So everyone’s going into foldable phones, even Apple it seems. But while Apple’s take isn’t due until 2020, or maybe even until much later, the news will undoubtedly make you wonder what the fuss is all about. And if the only examples of foldable phones you’ve seen are the ZTE Axon M and the even older Kyocera Echo, you will definitely be puzzled at the excitement it’s generating. Here are some of the reason why foldable phones and tablets are really the future and why you shouldn’t be holding your breath just yet.

Expanding views, maximizing space

Fold it any other way, foldable phones and tablets is really about the screen real estate. A phone that unfolds into a tablet means you have double the screen space. On the other hand, a phone that folds down to half its size means you need less space to store your phone. Tablets might even be able to fold out into a bigger canvas.

Smartphones have pretty much reach the apex of screen size. Any bigger and they cease to become usable phones. That’s why manufacturers are so obsessed with bezel-less screens, trying to reclaim even the smallest millimeter of space to increase the total screen area without increasing the phone’s size.

Everyone wants larger screens. No one, however wants larger devices. Foldable phones and tablets offer the best of both worlds, presuming they’re done properly.

Conforming to our needs

Smartphones have become so important in our lives that we are more likely to change ourselves to fit the device, be it fashion or habits. We are pretty much at the mercy of what form factors and sizes companies push on us (ironically citing consumer demand) and we move our life around those. But no one size fits all and smartphone size preferences are no different.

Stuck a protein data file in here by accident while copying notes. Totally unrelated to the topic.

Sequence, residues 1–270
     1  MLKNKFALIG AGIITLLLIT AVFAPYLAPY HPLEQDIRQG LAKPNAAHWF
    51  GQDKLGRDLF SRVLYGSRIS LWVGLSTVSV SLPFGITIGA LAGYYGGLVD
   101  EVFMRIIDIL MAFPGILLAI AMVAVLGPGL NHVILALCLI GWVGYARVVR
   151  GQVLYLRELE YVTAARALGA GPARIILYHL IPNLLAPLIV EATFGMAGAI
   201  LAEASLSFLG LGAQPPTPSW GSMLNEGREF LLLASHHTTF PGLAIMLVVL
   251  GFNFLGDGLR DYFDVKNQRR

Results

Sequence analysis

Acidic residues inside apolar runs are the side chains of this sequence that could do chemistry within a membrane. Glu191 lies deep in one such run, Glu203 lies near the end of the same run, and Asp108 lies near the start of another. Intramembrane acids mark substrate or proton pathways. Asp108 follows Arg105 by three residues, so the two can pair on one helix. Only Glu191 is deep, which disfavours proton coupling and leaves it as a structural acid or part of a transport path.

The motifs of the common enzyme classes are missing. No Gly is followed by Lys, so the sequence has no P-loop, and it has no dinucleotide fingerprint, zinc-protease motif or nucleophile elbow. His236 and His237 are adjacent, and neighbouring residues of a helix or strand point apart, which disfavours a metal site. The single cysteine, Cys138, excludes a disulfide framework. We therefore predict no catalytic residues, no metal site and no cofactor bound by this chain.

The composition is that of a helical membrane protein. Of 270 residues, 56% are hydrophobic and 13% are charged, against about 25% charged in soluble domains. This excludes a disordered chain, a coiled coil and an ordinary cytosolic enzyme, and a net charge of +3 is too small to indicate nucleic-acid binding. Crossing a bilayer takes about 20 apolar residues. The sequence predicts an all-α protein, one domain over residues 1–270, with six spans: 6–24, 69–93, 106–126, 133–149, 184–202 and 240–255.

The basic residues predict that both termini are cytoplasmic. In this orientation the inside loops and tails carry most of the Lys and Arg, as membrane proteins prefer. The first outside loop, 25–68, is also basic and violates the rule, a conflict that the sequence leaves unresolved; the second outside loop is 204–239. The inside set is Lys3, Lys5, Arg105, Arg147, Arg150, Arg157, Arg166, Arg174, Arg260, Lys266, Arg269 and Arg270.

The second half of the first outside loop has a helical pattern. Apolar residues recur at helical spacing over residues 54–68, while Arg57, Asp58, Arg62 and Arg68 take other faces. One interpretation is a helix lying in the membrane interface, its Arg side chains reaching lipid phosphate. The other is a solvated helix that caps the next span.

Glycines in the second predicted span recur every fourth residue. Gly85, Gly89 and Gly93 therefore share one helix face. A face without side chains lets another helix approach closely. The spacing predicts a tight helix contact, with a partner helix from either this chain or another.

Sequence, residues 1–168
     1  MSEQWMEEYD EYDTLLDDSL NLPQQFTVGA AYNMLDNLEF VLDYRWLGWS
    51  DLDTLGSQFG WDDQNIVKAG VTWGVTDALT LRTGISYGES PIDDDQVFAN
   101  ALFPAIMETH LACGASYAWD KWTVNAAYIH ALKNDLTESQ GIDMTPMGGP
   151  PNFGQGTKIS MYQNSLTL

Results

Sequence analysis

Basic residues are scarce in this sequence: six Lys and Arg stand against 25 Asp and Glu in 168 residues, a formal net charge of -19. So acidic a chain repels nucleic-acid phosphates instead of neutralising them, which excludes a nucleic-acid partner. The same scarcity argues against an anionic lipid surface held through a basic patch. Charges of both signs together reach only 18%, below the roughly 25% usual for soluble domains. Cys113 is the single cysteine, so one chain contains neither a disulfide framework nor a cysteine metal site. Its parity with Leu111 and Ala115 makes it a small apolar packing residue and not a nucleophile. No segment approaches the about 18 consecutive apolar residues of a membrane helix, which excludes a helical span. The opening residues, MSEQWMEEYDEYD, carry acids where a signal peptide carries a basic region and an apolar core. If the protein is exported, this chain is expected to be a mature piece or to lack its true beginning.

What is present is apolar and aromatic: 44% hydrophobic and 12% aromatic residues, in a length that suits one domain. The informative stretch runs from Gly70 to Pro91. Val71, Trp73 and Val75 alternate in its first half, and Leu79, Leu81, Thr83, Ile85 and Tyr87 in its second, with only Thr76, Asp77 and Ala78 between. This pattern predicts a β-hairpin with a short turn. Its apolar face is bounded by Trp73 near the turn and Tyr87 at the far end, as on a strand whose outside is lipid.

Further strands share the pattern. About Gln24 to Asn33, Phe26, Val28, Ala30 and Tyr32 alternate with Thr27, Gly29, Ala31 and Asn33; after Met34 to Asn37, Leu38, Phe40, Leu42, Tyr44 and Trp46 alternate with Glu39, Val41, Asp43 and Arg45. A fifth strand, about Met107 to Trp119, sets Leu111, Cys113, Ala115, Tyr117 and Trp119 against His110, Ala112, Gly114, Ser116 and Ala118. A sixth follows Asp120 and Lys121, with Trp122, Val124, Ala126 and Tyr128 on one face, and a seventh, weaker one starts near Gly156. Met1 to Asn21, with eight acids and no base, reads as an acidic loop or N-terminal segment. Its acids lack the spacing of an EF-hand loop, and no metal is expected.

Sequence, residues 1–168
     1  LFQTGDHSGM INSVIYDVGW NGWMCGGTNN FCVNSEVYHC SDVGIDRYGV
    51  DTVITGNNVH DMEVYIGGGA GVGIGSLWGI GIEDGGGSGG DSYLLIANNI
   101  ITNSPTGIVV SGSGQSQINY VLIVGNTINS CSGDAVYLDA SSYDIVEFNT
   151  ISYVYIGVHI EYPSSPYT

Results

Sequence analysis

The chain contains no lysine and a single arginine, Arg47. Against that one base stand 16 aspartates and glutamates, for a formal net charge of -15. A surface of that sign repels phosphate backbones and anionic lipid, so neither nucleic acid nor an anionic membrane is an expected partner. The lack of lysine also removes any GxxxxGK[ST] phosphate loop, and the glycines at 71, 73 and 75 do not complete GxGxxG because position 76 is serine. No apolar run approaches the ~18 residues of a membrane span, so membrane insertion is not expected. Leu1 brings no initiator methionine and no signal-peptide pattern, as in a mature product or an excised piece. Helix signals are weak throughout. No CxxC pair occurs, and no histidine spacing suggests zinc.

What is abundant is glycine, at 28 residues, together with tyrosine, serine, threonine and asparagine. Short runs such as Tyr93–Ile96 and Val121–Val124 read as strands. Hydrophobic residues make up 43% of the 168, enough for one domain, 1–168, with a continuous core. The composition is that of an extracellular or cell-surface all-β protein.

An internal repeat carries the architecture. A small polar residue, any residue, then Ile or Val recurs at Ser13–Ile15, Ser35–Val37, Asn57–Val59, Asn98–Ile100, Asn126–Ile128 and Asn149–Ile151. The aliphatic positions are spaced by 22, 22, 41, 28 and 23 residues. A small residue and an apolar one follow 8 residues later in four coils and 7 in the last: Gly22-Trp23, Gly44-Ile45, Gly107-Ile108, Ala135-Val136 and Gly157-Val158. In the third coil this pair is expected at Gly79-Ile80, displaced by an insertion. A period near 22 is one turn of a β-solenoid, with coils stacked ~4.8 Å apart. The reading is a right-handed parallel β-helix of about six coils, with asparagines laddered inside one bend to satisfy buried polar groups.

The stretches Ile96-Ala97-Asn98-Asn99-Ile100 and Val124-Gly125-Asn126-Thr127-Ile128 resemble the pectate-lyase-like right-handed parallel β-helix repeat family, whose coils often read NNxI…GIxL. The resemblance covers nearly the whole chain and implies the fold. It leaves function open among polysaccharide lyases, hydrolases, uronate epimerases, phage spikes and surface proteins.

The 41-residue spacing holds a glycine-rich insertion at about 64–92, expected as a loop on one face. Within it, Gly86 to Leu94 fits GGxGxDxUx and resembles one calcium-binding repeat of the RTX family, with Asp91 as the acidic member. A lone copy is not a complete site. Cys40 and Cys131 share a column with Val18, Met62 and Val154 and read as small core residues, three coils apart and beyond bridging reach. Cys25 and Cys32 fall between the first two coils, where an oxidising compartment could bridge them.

Foldable devices would at least give us some reprieve. Of course, we’d still be limited to a few fixed size configurations but, in the future, even those might give way to deformable, not just foldable, devices. Want a bigger screen? Simply unfold your phone rather than having to switch devices. Want to squeeze your device into your slim pocket? Simply fold it up and go. Devices will finally be able to change to fit our needs rather than the other way around.

Pushing boundaries

Foldable devices inspire the imagination and get creative juices flowing not just because of the near-impossibility of the hardware. They also tickle our fancy because of the almost magical things we might be able to do with these kinds of devices. Yes, they will still be touch-driven, maybe even stylus-driven, but they would still go beyond the user interfaces and interactions we currently have. We could have two different screens at the same time, seamlessly interacting with each other. Or have one gigantic screen instead.